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Could I lose my job over a drunk driving arrest?

Originally posted on 01/20/2017

A picture is faded of a driver in the car behind the wheel with a bottle of beer in their hand.When potential clients ask us questions about criminal defense representation (particularly for drunk driving offenses) one of the most common is whether they will lose their job.  Naturally, this depends on a number of factors, including how much work you have missed because you were in jail and whether you drive for a living, to name a few.

So while your job prospects may be unclear after a DUI arrest, you should be ready for the following implications.

Your Insurance May Affected

Just like when you have other moving violations that may not necessarily be classified as a misdemeanor, your insurance company may raise your rates significantly. Expect an increase in your rates - this increase may come immediately, but more likely will take effect with your next renewal. If your policy is terminated, you will likely have to obtain SR-22 insurance, which may be particularly expensive.

You May Miss Some Time from Work

Waiting to post bail is a process, and the authorities are in no hurry to get you on your way. This is because the police will likely run your name through several state criminal databases to ensure you are not subject to any outstanding criminal warrants.

Your Career Could be Affected

If you drive for a living, a DUI conviction could have a substantial effect on your career; particularly if your employer has a strict policy against drunk driving offenses. So if you are a commercial truck driver or bus driver, it is essential that you have an experienced criminal defense attorney representing you to protect your livelihood.

Partner with an Experienced Drunk Driving Defense Attorney on Your Case

We have all made mistakes. Know there are severe consequences for drinking and driving. The preceding is not intended to be legal advice. Contact an experienced DUI defense attorney, like those at Aldrich Legal Services, for additional information and advice. Give our team a call today.

MICHIGAN WILLS/TRUSTS 33: Trustees required to provide notice informing recipients that they may challenge the validity of a trust and the period allowed for bringing such a challenge.

The notice sent clearly advised her that if she wanted to contest the validity of the Trust in a judicial proceeding, the law required her to do so within six months from the date of the letter. Nothing in the statute requires a trustee to inform the recipients of the specific legal consequences of not acting during the time allowed.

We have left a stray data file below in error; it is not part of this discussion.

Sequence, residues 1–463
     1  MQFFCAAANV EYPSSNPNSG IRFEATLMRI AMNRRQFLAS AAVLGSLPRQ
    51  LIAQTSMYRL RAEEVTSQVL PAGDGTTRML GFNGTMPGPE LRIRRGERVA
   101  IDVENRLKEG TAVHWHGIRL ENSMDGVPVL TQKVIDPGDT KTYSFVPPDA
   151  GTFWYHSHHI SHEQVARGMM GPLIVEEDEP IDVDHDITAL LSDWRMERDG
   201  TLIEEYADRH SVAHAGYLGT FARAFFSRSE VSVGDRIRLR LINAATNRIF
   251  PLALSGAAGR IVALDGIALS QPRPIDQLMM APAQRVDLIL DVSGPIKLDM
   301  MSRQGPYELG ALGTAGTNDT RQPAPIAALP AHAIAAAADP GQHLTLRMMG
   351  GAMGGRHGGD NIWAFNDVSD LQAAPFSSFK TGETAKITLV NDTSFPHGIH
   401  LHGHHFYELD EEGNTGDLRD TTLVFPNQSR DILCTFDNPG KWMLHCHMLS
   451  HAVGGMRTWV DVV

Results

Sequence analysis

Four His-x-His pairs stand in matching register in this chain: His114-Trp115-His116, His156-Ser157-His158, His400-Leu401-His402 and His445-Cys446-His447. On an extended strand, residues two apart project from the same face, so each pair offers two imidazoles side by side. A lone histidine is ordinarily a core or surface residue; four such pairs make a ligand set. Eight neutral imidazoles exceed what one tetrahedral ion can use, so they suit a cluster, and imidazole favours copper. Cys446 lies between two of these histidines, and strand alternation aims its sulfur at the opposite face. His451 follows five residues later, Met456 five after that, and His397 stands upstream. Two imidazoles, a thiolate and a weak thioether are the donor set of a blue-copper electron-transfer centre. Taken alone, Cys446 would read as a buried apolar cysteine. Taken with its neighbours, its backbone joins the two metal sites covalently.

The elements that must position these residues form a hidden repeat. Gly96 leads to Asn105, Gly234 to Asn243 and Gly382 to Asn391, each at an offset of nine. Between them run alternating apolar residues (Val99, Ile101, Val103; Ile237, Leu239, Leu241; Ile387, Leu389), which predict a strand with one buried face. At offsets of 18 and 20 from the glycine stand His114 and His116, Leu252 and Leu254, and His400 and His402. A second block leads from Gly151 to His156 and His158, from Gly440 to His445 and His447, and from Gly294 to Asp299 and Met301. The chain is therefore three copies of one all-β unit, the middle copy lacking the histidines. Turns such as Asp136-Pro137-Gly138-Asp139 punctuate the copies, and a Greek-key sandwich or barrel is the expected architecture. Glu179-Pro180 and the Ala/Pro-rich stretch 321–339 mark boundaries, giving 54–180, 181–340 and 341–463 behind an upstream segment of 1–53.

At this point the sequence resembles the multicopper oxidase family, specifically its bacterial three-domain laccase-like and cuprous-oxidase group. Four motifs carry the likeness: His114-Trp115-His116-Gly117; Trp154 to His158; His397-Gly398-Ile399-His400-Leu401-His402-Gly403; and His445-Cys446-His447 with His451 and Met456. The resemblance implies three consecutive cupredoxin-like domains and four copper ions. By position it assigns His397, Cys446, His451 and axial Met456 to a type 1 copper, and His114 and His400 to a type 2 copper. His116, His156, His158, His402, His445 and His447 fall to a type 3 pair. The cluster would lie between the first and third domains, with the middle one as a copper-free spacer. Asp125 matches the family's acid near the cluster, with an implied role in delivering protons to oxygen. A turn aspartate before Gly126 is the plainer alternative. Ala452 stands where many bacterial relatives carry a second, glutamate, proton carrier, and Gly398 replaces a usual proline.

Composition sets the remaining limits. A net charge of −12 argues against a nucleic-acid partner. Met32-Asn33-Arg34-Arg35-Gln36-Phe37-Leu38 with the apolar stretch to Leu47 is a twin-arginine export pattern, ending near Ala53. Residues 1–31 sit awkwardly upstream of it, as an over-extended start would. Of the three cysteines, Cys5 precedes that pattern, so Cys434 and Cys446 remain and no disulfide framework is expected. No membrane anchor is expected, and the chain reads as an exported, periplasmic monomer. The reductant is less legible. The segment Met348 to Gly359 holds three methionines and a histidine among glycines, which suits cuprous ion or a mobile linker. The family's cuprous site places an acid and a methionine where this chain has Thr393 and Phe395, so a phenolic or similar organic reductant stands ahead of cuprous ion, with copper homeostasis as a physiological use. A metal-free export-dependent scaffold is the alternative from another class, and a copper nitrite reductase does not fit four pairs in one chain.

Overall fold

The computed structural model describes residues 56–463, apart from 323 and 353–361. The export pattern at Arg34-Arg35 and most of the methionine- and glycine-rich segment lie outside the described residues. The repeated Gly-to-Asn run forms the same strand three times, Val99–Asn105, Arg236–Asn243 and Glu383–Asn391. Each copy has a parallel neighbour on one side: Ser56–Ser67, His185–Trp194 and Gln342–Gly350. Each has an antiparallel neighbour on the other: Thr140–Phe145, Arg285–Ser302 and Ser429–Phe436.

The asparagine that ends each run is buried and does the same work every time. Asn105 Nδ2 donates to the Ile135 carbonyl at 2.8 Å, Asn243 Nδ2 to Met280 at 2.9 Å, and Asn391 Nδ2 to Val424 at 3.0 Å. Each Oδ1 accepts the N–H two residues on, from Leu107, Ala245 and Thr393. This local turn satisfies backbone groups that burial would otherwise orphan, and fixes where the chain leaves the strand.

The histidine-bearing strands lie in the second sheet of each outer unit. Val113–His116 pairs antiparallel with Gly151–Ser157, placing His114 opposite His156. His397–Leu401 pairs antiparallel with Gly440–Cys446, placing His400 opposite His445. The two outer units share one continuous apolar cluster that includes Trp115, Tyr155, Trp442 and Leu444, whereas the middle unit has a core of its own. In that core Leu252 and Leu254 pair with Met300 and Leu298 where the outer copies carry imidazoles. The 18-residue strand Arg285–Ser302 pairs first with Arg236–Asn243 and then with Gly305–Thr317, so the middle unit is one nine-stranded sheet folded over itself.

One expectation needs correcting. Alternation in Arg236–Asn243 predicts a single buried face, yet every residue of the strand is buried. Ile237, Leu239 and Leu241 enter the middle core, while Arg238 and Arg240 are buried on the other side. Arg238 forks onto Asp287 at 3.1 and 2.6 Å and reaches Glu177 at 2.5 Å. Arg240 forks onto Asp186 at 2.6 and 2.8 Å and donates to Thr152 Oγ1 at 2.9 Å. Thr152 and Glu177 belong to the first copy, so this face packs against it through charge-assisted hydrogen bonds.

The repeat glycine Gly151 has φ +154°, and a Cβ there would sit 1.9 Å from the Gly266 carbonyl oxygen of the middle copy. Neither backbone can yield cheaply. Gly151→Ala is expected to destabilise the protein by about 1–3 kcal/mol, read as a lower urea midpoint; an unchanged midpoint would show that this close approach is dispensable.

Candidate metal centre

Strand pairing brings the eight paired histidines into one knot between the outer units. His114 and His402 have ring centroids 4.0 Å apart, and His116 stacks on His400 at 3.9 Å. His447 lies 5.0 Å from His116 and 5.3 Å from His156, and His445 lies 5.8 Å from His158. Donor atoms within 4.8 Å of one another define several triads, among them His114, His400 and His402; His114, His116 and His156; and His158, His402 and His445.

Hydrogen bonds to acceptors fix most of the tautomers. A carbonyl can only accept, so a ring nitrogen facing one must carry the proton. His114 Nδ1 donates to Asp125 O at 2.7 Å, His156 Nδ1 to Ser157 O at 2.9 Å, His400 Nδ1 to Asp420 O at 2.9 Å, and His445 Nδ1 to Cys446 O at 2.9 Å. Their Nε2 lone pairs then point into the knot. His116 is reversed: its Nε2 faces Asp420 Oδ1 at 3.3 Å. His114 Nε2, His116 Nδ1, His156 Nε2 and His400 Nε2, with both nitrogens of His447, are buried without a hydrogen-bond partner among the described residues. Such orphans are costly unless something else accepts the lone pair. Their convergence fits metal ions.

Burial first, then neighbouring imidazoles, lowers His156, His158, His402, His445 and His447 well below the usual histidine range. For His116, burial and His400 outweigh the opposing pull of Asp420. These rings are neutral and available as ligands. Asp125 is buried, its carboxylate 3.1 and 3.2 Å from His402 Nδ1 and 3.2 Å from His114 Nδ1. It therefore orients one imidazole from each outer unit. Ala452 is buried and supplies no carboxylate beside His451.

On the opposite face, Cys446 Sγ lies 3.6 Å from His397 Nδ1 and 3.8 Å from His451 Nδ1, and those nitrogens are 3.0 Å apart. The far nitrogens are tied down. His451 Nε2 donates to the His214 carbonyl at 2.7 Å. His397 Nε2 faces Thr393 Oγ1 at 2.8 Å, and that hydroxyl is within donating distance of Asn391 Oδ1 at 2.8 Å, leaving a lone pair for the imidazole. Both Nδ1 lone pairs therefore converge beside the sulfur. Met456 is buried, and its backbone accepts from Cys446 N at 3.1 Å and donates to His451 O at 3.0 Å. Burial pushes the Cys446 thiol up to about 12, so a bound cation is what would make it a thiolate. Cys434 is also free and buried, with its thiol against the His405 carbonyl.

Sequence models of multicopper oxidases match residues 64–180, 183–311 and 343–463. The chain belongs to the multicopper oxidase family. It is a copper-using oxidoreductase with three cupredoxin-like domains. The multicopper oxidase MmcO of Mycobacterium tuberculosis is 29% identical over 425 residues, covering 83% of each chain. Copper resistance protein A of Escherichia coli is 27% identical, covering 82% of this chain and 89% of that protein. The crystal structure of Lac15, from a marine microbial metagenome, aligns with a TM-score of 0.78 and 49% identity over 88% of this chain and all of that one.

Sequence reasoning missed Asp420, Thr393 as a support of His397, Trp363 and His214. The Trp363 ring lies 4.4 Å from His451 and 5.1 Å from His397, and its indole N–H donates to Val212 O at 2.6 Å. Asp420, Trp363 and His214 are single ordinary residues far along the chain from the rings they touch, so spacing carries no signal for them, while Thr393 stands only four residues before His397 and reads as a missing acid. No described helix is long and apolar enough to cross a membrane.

MICHIGAN REAL ESTATE 97: The court imposed a constructive trust on defendant’s one-half interest in the property in favor of plaintiff.

The trial court found that plaintiff sustained her burden of establishing that a constructive trust was necessary to prevent defendant from being unjustly enriched. Accordingly, the court imposed a constructive trust on defendant’s one-half interest in the property in favor of plaintiff and ordered defendant to convey his interest in the property to plaintiff.

MICHIGAN REAL ESTATE 95: Property owners did not place a condition upon the delivery of the deed; rather, they delivered the deed to themselves.

When the delivery of a deed is contingent upon the happening of some future event, title to the subject property will not transfer to the grantee until the event has occurred. However, in this case A and J did not place a condition upon the delivery of the deed; rather, they delivered the deed to themselves, then deposited the deed with their attorney with the instruction to record the deed only upon the happening of a future event, thereby placing a condition only upon the recording of the deed.

MICHIGAN PROBATE 57: Brother granted permanent guardianship of siblings.

At a multiday hearing to address the extension of the guardianship, the eldest children, the mother’s relatives and friends, and school personnel testified regarding the mother’s care of the children, appellant’s treatment of and interaction with the children, and the eldest siblings’ role in aiding the mother to raise the children.

FAMILY LAW 88: The trial court found that the children did not have an established custodial environment with defendant because, before the separation, he did not have a large role in the children’s lives.

The trial court credited plaintiff’s testimony that, before the parties’ separation, defendant spent minimal time helping to care for the children, so its finding that the children would not have looked to defendant for guidance, discipline, the necessities of life, and parental comfort during that time was not against the great weight of the evidence.

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